There’s still shampoo left in the bottle
A year or two ago I bought some amazing organic shampoo from my stylist. It was the same product she used in the salon, and I loved what it did for my hair! So optimistically, I shelled out the price for the lovely product and brought it home.
You know this part of the story: I used the shampoo and loved the smells, the feel. I loved the shine in my hair, even though I couldn’t quite make my hair do what my stylist could do. Great — expensive — shampoo.
On the second day I looked at my new shampoo and conditioner and thought “Wow…I paid a lot for that. Today I will use my regular stuff, and make sure I don’t run through the shampoo too fast.” So I did. And my hair looked pretty much the same…like my hair.
Fast forward a year or so. There I am standing in my shower reaching for my normal shampoo when I saw “The Expensive Shampoo.” By now those words were written in capital letters. I rarely used it. But this was an important day of some sort (can’t remember now), so I reached for my organic shampoo.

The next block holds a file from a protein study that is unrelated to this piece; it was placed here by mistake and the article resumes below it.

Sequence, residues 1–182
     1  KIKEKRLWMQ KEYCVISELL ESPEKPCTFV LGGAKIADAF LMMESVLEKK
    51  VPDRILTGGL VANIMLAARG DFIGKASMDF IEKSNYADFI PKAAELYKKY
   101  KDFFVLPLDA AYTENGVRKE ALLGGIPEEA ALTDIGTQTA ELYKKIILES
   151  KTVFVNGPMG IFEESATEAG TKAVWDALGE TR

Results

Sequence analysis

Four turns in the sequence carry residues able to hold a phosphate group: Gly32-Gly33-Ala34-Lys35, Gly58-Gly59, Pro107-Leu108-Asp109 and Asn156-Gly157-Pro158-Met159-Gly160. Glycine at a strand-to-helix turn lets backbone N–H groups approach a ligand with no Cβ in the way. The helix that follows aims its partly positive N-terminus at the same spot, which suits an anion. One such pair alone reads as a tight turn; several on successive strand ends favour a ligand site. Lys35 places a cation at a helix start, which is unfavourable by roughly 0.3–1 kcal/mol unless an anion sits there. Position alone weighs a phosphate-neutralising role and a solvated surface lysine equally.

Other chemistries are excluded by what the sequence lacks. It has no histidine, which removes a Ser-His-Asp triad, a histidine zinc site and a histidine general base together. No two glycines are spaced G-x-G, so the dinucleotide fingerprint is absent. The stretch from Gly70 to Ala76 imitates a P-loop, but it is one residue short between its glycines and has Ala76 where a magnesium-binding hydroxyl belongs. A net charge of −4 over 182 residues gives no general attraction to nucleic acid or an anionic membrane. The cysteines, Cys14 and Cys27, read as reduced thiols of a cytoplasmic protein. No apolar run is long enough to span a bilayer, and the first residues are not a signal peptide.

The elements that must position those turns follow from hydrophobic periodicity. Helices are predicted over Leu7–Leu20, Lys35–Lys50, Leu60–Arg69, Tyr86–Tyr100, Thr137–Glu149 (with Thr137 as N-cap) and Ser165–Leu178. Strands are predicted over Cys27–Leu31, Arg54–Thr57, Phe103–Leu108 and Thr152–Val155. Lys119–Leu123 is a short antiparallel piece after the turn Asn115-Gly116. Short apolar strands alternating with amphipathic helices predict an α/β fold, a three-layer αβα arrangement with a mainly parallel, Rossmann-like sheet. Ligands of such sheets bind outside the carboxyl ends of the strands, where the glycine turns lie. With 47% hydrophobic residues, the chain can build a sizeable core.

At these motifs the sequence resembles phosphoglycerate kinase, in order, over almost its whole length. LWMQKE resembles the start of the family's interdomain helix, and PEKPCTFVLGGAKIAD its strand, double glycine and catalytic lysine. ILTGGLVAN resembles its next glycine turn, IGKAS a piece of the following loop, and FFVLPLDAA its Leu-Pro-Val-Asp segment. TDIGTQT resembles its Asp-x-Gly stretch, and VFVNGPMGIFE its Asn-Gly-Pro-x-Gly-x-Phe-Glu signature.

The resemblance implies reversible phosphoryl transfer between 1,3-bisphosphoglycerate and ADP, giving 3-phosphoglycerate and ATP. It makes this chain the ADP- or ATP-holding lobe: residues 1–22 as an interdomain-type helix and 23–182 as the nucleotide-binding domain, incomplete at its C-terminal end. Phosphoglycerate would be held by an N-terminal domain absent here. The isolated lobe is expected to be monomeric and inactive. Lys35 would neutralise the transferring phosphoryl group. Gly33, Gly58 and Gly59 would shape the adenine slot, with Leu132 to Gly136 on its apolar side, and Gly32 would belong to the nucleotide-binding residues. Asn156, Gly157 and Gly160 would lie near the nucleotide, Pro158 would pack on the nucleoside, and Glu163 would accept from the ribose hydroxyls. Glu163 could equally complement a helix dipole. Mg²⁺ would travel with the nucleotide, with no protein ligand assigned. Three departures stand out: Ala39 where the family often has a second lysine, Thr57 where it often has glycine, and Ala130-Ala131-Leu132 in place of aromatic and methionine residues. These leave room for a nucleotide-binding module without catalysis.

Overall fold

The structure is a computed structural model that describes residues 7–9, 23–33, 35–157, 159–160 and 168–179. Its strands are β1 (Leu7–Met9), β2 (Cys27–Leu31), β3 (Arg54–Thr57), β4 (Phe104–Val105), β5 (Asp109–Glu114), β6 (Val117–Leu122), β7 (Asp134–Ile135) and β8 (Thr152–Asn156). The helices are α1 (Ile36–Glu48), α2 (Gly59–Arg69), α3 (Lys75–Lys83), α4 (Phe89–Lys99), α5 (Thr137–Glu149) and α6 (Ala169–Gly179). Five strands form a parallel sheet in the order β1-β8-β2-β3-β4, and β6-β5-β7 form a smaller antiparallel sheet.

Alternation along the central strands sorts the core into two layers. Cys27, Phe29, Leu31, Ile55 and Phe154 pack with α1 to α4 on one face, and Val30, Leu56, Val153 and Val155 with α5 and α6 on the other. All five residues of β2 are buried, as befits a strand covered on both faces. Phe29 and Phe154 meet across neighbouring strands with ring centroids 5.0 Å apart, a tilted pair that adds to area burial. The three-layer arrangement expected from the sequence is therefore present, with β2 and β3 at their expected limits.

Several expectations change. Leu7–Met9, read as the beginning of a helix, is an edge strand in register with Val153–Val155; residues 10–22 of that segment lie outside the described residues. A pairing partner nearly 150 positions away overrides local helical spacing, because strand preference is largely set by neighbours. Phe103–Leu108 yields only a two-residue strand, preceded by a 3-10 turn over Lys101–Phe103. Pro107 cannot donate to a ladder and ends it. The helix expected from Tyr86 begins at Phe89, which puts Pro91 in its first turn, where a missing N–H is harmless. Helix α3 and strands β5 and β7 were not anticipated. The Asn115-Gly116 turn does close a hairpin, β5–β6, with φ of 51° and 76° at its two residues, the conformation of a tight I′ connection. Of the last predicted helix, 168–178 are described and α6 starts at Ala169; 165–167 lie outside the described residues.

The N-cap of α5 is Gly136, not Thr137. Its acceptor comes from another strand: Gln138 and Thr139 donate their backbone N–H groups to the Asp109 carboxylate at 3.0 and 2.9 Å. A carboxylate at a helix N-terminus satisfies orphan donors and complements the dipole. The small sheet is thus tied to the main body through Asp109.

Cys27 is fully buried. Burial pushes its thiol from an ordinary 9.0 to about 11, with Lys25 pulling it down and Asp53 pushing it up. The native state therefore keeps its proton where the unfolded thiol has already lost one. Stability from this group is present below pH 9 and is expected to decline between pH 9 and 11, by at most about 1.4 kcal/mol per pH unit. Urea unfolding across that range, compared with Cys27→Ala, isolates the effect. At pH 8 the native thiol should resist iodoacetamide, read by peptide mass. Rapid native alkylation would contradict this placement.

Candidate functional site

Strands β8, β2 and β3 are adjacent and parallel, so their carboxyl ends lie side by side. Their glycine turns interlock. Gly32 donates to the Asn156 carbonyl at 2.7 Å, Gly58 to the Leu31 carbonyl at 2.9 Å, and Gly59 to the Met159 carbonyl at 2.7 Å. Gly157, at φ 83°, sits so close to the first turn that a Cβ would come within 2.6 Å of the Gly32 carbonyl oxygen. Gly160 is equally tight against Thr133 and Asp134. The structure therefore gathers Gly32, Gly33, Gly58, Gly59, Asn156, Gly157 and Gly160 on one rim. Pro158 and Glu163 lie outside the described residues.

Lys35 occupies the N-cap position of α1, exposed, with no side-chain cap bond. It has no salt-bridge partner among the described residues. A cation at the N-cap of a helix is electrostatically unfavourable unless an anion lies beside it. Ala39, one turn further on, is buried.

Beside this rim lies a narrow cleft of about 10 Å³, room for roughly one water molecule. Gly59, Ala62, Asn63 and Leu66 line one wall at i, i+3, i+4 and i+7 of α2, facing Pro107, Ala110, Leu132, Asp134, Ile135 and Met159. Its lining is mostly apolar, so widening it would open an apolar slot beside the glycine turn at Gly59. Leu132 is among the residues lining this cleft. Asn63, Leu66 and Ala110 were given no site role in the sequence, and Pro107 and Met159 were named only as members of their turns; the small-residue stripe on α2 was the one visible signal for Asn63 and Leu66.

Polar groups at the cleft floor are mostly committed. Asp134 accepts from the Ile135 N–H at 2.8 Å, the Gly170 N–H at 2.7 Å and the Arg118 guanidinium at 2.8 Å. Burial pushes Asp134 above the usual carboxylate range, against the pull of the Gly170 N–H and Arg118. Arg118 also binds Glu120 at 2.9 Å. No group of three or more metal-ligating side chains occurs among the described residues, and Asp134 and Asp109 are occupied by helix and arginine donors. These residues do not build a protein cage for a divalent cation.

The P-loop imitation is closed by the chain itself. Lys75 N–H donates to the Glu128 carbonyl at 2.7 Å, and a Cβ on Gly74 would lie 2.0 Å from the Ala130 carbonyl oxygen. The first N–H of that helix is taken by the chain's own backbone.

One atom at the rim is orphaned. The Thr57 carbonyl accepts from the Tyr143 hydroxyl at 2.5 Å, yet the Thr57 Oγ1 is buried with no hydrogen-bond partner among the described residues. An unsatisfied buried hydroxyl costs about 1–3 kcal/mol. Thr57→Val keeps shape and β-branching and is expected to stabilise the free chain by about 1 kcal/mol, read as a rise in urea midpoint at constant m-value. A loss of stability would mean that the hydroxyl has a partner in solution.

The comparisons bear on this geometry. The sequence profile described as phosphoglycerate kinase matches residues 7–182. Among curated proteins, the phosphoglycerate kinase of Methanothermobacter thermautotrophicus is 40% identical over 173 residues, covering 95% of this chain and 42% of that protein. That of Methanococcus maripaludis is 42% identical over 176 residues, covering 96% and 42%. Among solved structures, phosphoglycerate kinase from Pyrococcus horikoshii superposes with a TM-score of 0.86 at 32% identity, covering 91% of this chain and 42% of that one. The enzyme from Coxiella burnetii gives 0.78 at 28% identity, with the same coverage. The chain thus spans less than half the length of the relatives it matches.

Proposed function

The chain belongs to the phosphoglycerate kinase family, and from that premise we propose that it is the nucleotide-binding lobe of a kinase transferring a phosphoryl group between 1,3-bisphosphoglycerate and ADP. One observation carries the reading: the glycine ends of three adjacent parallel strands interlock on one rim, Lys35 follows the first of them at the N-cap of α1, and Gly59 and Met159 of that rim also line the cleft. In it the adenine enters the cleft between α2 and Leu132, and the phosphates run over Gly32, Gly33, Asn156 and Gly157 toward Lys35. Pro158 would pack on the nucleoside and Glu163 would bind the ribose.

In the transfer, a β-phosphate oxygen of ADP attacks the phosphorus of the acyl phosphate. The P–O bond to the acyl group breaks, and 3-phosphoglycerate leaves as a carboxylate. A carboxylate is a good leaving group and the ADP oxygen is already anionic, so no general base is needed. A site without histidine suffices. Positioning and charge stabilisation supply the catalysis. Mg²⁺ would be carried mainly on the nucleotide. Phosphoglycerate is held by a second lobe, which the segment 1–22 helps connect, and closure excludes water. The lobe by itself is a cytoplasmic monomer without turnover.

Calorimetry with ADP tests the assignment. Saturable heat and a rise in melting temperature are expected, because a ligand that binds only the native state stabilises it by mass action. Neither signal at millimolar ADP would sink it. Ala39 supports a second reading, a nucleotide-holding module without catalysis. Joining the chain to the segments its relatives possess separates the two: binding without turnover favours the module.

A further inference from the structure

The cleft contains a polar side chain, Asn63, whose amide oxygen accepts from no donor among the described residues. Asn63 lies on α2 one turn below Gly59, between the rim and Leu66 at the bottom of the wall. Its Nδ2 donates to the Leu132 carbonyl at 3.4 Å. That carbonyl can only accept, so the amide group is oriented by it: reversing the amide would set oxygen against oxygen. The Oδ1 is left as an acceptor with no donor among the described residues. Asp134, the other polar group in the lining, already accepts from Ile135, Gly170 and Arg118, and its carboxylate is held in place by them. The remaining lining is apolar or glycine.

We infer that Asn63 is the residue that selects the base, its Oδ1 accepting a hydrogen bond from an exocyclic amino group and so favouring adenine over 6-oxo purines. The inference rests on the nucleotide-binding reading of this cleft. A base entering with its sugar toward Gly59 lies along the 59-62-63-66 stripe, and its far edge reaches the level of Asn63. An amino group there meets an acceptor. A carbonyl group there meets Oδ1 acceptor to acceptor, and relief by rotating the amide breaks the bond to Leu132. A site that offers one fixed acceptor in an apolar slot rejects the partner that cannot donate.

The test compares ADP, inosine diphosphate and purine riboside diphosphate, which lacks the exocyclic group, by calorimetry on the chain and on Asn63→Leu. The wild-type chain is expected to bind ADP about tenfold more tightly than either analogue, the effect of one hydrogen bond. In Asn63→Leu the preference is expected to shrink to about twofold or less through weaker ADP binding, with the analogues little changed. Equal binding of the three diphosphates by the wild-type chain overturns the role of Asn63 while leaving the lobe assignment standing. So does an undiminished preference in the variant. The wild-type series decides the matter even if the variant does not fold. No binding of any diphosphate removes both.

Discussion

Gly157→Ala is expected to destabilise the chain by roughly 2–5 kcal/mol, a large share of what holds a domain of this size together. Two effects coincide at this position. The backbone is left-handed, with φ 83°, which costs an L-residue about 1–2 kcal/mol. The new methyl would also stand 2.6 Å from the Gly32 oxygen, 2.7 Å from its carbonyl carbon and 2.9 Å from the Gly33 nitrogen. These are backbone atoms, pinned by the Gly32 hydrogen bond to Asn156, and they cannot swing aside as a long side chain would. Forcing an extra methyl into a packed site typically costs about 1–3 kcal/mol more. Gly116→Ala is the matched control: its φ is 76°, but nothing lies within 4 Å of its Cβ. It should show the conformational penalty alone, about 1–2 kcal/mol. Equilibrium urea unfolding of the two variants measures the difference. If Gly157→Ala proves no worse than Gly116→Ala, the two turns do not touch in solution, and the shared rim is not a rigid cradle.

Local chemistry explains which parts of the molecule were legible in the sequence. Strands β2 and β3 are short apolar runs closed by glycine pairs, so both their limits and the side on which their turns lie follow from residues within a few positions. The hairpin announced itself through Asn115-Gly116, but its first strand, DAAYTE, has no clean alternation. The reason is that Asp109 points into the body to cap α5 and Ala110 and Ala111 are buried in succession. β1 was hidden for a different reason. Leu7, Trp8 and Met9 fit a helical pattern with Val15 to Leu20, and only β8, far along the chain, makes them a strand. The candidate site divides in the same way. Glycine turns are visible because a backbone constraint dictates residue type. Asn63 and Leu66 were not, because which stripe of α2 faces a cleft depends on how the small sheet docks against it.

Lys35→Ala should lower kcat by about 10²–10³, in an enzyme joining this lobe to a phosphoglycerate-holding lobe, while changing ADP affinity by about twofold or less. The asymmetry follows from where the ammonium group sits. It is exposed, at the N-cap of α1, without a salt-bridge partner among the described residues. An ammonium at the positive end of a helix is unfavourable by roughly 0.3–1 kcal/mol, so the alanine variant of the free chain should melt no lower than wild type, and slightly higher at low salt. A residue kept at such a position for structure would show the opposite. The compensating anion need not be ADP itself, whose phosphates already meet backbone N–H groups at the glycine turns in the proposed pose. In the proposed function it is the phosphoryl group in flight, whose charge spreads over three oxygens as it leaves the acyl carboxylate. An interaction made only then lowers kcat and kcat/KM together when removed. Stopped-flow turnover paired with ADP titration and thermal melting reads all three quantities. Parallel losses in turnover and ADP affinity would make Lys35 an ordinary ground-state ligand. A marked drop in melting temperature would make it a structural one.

It had died. The cream had separated into components. The lovely organic ingredients didn’t smell happy anymore. In fact, it was such an icky experience just getting that stuff out of the bottle that I rinsed it down the drain and threw out the whole bottle. I hated watching that bottle go away. I had never even used it! All that potential was left to rot in the bottle.
Not long ago I bought some other, different expensive shampoo, this time recommended by my sister-in-law. And on that second or third day, when I was tempted to skip over the bottle in order to save it, I remembered my lesson. I remembered the nearly full bottles in the trash. Shampoo has only one purpose: to clean your hair. If you don’t use it, there’s no reason to keep it. I vowed to use every last drop of that expensive stuff, and so far I have.
Life is pretty much the same way, isn’t it? God gives us talents. He gives us creativity, insights, stamina, relationships, love. And he gives it all to us so that we will use it. But sometimes it’s easy to hold some back, to want to save for a rainy day. Like the Israelites trying to hoard daily manna, we don’t allow ourselves to be emptied.
We stay in the bottle.
Lately I’m trying to remember that my true life is outside the shampoo bottle. I don’t want to hold back what can’t be kept. I don’t want a container of moldy manna or ugly shampoo. I believe that God is able to refill that jar, able to refill me.
I believe it. Now it’s time to act on it.
So I guess today I raise my theoretical glass in a toast to those who venture outside the bottle with me!